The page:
The Tree that Bends: Discourse, Power, and the Survival of by Dr. Patricia Riles Wickman

By Dr. Patricia Riles Wickman

Patricia Riles Wickman bargains a brand new paradigm for the translation of southeastern local American and Spanish colonial historical past and a brand new method to view the improvement of the United States.

In her compelling and arguable arguments, Wickman rejects the myths that erase local american citizens from Florida throughout the organisation of Spaniards and ailments and make the realm an empty frontier looking forward to American enlargement. via learn on either side of the Atlantic and large oral historical past interviews one of the Seminoles of Florida and Oklahoma, Wickman shatters present theories in regards to the origins of the folk encountered by way of the Spaniards and provides, for the 1st time ever, the local American viewpoint. She describes the genesis of the teams identified this present day as Creek, Seminole, and Miccosukee—the Maskoki peoples—and strains their universal Mississippian historical past, asserting their claims to non-stop habitation of the Southeast and Florida. Her paintings exposes the rhetoric of conquest and replaces it with the rhetoric of survival.

a massive cross-disciplinary paintings, The Tree That Bends finds the pliability of the Maskoki humans and the sociocultural mechanisms that allowed them to outlive the pressures brought at touch. Their global was once in a position to incorporating the recent with no destroying the previous, and their descendants not just live on this day but in addition be successful as a discrete tradition as a result.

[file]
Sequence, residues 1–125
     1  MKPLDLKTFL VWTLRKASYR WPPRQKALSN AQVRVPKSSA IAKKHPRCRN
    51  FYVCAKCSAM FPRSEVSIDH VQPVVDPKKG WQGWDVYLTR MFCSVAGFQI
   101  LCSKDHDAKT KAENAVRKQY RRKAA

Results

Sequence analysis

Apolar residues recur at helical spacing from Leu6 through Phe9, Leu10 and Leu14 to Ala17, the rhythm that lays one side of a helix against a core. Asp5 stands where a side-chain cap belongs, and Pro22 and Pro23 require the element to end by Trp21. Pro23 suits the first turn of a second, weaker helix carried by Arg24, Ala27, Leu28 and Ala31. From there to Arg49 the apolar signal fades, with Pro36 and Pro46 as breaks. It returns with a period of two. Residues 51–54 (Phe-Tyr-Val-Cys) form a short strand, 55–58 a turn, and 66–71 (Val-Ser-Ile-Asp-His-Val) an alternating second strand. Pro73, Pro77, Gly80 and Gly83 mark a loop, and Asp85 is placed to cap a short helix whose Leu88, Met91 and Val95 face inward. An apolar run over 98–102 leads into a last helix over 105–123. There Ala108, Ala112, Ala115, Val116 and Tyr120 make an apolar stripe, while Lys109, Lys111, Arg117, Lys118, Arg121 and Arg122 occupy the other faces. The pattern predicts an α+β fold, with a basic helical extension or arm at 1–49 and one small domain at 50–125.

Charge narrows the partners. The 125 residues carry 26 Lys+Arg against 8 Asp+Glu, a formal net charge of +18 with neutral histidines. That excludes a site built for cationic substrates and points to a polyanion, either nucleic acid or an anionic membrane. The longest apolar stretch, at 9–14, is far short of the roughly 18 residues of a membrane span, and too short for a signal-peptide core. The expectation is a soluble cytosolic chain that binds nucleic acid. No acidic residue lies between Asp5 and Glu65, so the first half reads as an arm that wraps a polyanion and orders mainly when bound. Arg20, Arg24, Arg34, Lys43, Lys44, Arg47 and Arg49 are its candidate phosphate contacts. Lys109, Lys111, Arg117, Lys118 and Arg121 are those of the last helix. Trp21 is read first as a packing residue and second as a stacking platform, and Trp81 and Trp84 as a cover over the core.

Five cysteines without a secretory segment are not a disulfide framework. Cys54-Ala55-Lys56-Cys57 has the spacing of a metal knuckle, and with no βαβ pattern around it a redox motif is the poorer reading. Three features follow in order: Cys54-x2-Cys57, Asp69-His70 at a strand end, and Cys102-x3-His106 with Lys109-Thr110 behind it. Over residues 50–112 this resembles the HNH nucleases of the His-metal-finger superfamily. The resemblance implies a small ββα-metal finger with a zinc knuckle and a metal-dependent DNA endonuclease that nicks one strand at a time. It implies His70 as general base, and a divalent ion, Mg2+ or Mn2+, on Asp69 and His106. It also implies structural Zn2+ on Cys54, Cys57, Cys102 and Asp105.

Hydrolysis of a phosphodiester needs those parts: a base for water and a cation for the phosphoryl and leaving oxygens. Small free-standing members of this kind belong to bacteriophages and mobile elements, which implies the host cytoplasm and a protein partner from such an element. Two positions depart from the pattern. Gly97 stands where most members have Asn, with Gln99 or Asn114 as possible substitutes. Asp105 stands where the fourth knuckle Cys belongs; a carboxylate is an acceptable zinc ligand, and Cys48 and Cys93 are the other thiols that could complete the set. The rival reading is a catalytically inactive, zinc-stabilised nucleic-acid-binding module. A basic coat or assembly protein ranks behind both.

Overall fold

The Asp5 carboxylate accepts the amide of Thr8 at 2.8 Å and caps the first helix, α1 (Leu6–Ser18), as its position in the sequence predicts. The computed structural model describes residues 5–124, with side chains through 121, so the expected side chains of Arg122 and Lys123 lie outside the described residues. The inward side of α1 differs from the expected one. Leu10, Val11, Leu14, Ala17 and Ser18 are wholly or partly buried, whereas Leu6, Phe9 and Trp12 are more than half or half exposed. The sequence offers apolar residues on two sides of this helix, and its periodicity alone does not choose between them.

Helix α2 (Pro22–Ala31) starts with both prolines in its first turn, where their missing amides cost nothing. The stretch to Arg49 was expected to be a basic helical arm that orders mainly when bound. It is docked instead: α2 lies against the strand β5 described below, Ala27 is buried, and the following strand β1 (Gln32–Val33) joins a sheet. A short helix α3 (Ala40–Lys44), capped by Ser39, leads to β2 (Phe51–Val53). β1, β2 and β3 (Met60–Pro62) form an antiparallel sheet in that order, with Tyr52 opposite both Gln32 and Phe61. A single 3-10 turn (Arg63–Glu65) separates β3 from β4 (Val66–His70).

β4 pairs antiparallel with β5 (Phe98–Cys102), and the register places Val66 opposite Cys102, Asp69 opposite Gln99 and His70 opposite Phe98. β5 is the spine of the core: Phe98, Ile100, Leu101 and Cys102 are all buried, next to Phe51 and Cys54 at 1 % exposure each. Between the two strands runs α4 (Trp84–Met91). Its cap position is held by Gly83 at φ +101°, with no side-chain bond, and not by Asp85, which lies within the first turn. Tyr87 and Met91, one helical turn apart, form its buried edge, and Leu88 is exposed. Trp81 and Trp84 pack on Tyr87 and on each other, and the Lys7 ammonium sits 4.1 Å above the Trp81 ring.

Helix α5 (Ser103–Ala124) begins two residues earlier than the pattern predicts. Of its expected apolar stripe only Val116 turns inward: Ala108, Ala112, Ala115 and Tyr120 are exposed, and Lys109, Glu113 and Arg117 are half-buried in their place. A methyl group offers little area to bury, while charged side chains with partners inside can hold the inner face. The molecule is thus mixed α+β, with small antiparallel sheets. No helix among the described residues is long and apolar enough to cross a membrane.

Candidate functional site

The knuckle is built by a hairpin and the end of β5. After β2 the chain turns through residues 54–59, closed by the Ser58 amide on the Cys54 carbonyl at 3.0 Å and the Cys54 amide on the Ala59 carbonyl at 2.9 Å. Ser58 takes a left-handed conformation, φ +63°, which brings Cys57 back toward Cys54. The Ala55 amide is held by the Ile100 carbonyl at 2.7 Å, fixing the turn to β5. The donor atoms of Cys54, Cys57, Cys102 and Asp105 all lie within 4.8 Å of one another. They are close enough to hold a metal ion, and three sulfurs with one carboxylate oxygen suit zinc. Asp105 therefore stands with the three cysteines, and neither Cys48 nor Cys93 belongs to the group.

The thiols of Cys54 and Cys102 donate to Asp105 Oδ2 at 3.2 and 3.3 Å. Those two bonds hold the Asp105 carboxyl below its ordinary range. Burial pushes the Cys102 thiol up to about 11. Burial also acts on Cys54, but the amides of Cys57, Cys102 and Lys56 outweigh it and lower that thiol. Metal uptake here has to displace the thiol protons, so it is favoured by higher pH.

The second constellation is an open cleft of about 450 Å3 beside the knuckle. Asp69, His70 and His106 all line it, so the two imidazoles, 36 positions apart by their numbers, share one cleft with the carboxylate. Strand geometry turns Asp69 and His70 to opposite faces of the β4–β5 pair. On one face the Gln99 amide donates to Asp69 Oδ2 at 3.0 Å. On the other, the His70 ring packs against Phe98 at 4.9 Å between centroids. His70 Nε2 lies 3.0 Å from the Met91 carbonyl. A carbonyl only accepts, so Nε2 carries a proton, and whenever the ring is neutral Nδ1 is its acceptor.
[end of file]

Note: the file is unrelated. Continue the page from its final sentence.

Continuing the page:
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Additional resources for The Tree that Bends: Discourse, Power, and the Survival of Maskoki People

Sample text

During the ¤rst half of the eighteenth century Creek Indians moved southward into Florida, often occupying lands previously inhabited by the Apalachee and Timuguana peoples. 18 Over the period 1817 to 1858, Florida’s Native Americans fought three wars against the United States, predicated solely upon their determination to resist dispersion and removal from the land that was their home. It was the United States government that unilaterally decided to declare the ¤ghting ended and leave the Native American survivors in relative peace.

Therefore, change would have been inevitable even without the interposition of a separate and inimical culture. And change would have been impossible if the culture had not already contained viable templates for change that did not mitigate against the successful functioning of the culture. Yet, while a recontextualization of Mississippian culture is critical to any real understanding of the historical process of survival, the rhetoric of Conquest that is used as the interpretational framework for Knight’s model is problematic and, in that, it is also indicative of the misinterpretations basic to a Euroamerican locus of enunciation.

It was the United States government that unilaterally decided to declare the ¤ghting ended and leave the Native American survivors in relative peace. Then, after another three-quarters of a century, a period of seclusion and respite from war, the Seminoles “emerged” from the Florida Everglades during the real estate Boom Period of the 1920s. ”19 There, it was discovered (but not by the Native Americans), they had been not only living but prospering in the most vital and basic sense: they had been successfully exploiting the Florida Everglades, one of the most inhospitable environmental zones in the world, and their numbers had been slowly increasing.

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